‘One day last November, when visiting the United States I was walking through Oakland on my way to meet a friend in Berkeley, when I passed the old Paramount Theater, a gorgeous Art Deco theater.
That day the theater was open at 8:30 in the morning, and people were streaming in. Instead of continuing by, as I’d done every day before, I stopped and asked what was going on. Apparently, it was a citizenship ceremony: immigrants taking on American citizenship would take part in a ceremony to welcome them to their adopted country.
People were standing around, talking in groups, or slowly making their way into the theater.An usher pointed and called, “New citizens in the theater, families upstairs!”Suddenly, I found myself choking up, overwhelmed by a rush of sadness. I nearly burst into tears in the middle of that lobby, and hurried for the door into the cooler morning air, trying to suppress the tears threatening to flow. Composing myself, I continued my walk, trying to figure out why I’d had such an upwelling of emotions.
The importance of US citizenship had hit me in the gut. Those people around me were absolutely joyous at receiving it, and had undoubtedly worked hard to get it, and here I was, contemplating giving it up.
It made me realize that I don’t really want to renounce my citizenship. It would be the most practical—and perhaps the most sensible—thing to do. It would appease my husband, who’s so unhappy about how our personal financial information has to be handed over to the US government under the FATCA regime. Once I finish withdrawing my money from US accounts, it would save me from having to file those onerous and privacy-invasive forms that are now required of expatriates. It would save me the money I’ve been spending to pay an accountant to fill in the forms for me. I could be treated for taxation purposes like everyone else in the world (other than Americans and Eritreans), who pay taxes where they live.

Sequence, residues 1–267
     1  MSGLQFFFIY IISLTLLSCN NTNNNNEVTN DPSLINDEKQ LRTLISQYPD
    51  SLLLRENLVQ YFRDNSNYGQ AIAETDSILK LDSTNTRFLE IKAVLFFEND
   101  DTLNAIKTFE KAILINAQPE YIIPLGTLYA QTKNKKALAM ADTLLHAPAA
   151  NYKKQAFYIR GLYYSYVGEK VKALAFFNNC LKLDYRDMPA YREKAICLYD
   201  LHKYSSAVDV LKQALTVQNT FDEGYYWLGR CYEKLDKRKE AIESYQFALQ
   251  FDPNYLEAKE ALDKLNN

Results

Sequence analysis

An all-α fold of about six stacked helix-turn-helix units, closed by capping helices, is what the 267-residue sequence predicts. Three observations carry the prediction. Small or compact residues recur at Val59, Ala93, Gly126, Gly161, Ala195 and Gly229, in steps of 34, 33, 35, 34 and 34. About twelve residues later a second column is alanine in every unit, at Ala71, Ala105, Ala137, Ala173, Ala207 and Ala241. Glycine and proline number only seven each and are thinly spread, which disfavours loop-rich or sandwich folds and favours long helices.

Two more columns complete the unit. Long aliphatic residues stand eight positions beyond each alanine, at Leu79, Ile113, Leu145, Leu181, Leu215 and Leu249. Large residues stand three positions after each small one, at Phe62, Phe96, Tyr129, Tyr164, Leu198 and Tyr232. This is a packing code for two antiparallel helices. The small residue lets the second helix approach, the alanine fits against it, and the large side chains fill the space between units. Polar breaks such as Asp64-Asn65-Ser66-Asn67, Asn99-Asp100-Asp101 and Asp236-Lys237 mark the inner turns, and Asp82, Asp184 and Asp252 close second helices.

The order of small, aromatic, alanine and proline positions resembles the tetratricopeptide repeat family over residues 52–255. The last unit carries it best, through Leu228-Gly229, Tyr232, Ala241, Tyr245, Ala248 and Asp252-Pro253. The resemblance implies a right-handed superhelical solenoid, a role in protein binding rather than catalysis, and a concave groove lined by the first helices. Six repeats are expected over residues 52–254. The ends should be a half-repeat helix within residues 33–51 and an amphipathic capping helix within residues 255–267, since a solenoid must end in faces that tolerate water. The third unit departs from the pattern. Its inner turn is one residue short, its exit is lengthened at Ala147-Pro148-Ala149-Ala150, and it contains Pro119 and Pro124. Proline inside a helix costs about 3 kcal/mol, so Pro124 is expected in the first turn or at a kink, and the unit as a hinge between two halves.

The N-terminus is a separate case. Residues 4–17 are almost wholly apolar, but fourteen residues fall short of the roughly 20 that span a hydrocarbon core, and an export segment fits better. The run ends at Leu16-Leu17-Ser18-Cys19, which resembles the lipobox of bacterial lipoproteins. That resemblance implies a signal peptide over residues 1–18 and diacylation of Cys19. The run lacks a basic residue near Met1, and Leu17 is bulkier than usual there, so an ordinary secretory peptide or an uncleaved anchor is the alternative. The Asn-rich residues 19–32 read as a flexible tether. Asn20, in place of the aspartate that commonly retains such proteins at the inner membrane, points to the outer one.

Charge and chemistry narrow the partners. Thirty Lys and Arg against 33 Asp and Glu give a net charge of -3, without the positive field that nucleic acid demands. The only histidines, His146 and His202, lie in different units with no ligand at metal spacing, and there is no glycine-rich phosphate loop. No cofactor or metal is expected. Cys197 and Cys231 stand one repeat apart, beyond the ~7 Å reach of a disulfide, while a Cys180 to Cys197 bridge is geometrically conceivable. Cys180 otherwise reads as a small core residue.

Nevertheless, this emotional attachment I feel to the US goes deeper than I thought. I love the US, despite everything that’s wrong with it, and despite my simultaneous emotional attachment to the Netherlands. ‘
Rachel Heller lives in Groningen and comes from Connecticut originally. She’s lived here long enough to feel like it’s home—‘most of the time, at least’ , she says. Her husband, Albert, is Dutch, which brought her here. She has two kids: a daughter who is studying graphic design in the US, and a son who’s in the equivalent of 11th grade. She spends most of her time teaching (English and American Studies at a teacher-training college), but right now is on sabbatical. Up till today Rachel has kept her U.S Passport.